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Closing Comments



Closing Comments

Weekly EIA petroleum report showed U.S. commercial crude oil inventories (excluding those in the Strategic Petroleum Reserve) increased by 1.0 million barrels from the previous week. At 488.2 million barrels, US crude oil inventories remain near levels not seen for this time of year in at least the last 80 years. Total gasoline inventories increased by 2.5 million barrels last week. Distillate fuel inventories increased by 1.0 million barrels last week.
Ethanol data was a bit of a surprise to the market – a bit of a head scratcher – as production was reported at an all-time record high. Ethanol production surged +3.4 percent this week to a 1,008,000 bbl per day rate. The first time weekly US production has officially crossed the ‘million barrel a day’ mark. Despite the big production number, ethanol inventories increased only 2 percent. Gulf stocks are huge, hopefully in preparation of large export shipments.
Commitment of Traders report will be released this coming Monday showing the updated reportable positions as of November 24th.
USDA export sales will be reported Friday.
First notice day for December grains is Monday.


Corn recovers as traders square for the long weekend.

Corn found some recovery after Tuesday’s selloff, but the rally was tempered on light holiday trade, rolling out of December contracts and ample domestic supplies. The market is longer term anticipating the addition of Argentine corn to the export market as the export tax is eliminated. Estimated Argentine stocks are over 21 million tonnes. However, without a devaluation of the Argentine peso – farmers are still unlikely to quickly unload supplies.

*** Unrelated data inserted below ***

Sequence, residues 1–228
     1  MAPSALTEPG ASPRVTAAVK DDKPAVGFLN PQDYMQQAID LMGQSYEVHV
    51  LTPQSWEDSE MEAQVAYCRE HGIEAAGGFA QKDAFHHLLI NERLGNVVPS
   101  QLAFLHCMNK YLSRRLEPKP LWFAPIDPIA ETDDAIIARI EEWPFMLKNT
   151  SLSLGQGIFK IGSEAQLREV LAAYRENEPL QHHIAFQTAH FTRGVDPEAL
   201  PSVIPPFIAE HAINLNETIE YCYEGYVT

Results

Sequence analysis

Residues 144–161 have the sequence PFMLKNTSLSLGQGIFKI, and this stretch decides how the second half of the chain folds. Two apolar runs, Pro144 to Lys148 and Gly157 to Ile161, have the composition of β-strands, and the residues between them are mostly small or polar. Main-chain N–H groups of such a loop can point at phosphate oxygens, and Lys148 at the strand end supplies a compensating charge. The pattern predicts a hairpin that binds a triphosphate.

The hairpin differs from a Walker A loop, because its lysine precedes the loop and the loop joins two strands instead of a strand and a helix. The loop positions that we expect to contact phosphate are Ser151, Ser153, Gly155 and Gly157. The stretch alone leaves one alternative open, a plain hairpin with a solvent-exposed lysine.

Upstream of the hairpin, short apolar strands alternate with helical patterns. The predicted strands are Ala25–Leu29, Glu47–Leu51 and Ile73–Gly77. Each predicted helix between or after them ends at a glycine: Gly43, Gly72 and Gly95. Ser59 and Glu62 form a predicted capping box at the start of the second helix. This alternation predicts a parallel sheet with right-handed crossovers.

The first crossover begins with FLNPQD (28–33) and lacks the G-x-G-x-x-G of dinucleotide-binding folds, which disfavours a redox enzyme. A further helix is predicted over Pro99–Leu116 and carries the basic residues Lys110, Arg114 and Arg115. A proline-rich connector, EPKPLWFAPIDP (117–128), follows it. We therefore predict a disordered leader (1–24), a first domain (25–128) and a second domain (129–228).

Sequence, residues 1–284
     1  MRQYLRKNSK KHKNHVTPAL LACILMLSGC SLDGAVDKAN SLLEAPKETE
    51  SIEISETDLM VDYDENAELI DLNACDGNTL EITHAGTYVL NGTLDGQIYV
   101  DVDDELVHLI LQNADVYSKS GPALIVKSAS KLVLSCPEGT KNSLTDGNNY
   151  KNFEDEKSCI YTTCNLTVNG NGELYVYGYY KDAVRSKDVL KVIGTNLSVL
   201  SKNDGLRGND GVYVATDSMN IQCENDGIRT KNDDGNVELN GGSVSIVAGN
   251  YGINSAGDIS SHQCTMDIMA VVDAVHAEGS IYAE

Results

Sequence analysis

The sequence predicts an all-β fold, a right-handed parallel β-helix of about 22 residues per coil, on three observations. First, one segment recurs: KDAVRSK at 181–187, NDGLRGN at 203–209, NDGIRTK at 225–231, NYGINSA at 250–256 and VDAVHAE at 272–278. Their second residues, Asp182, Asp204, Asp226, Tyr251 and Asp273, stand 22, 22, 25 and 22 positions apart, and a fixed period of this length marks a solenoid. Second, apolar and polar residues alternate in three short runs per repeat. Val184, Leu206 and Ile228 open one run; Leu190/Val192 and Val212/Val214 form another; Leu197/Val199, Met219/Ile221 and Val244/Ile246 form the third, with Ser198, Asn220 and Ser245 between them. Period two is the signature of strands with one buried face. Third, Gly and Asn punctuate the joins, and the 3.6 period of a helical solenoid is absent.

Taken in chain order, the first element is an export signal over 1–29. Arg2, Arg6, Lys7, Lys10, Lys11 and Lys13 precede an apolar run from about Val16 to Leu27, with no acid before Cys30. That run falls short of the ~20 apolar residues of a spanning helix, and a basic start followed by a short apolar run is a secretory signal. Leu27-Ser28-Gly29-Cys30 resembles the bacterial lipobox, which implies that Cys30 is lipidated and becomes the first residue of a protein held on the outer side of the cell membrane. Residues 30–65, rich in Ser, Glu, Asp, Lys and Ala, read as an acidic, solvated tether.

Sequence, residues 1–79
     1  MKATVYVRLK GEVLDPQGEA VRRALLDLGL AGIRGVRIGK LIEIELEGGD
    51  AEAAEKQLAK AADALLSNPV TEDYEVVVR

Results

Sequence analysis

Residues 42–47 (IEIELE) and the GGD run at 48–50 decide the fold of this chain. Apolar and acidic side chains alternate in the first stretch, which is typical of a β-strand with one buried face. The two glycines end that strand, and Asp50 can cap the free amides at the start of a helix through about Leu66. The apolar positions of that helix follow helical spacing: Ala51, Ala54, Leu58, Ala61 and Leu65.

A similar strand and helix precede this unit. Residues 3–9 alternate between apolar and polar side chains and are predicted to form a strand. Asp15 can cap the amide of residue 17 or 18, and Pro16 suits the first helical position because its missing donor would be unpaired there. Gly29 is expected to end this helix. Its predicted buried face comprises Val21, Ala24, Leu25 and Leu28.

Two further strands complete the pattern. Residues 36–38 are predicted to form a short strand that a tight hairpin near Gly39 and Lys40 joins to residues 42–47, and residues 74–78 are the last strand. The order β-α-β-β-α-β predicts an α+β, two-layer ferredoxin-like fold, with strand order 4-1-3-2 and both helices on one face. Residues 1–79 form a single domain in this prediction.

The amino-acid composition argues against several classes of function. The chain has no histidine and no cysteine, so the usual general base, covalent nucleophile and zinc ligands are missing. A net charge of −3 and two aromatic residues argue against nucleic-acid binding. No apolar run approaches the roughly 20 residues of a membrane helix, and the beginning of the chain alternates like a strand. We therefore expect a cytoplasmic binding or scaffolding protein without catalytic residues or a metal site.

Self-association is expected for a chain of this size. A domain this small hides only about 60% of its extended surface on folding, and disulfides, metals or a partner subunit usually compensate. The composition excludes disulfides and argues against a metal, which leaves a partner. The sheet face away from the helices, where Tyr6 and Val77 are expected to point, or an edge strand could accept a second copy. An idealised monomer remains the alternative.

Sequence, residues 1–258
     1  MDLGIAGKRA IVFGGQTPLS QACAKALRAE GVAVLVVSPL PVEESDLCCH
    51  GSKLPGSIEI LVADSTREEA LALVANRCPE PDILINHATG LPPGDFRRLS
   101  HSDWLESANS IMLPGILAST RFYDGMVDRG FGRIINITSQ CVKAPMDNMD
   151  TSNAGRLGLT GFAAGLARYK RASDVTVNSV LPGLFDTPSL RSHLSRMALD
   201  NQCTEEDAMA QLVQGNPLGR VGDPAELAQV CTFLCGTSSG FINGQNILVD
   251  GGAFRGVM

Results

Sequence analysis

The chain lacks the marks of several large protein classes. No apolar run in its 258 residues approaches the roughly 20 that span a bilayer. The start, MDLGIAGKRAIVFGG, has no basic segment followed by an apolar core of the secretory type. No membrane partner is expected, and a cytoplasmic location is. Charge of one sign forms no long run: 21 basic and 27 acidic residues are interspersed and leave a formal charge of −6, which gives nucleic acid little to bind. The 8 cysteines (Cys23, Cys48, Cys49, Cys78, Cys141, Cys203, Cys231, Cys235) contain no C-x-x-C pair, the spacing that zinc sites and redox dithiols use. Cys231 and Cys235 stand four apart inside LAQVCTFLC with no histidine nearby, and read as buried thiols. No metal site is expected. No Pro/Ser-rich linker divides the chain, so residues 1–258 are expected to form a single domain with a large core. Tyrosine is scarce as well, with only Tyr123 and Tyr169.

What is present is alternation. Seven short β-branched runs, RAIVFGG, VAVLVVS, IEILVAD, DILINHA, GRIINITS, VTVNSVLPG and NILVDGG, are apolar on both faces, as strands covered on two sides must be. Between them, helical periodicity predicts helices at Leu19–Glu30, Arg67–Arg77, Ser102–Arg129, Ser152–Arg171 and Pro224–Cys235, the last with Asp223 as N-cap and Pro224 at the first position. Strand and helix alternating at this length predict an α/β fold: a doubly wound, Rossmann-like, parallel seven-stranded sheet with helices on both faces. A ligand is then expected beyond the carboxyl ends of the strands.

Weak ethanol and blend margins are tempering industrial demand in the near-term. Energy seems to be trying to carve out a bottom but continued record supplies and stable demand has the trade struggling to find a sustainable story for now. Crude oil’s seasonal tendency is for December bottoming.
Some global corn supply concerns are underpinning the market as some analysts are estimating that the real global situation is not a 2 percent year over year increase in carryout, but rather at potential 10 percent reduction. The marketplace will continue to watch El Nino for production risk cues as the 16/17 crop nears.
Processor bids have weakened in some areas lately as basis pushes and free deferred pricing have helped to get ownership through the end of the year. Merchandisers comment they are finding the basis levels that will “get corn moving.”


Soybeans lived up to their “day before Thanksgiving” rally reputation.

Soybeans found buying across the months ahead of Thanksgiving with January leading the way. Soy meal found some modest support but the biggest mover was the soybean oil market.
Soy oil continues to be supported on Indonesian palm oil production concerns from El Nino and lower oilseed production in India. Soft crush margins have the soy oil market concerned that slower crush pace will reduce soy oil supplies in a time of good global demand and anticipated increase in biofuel mandates.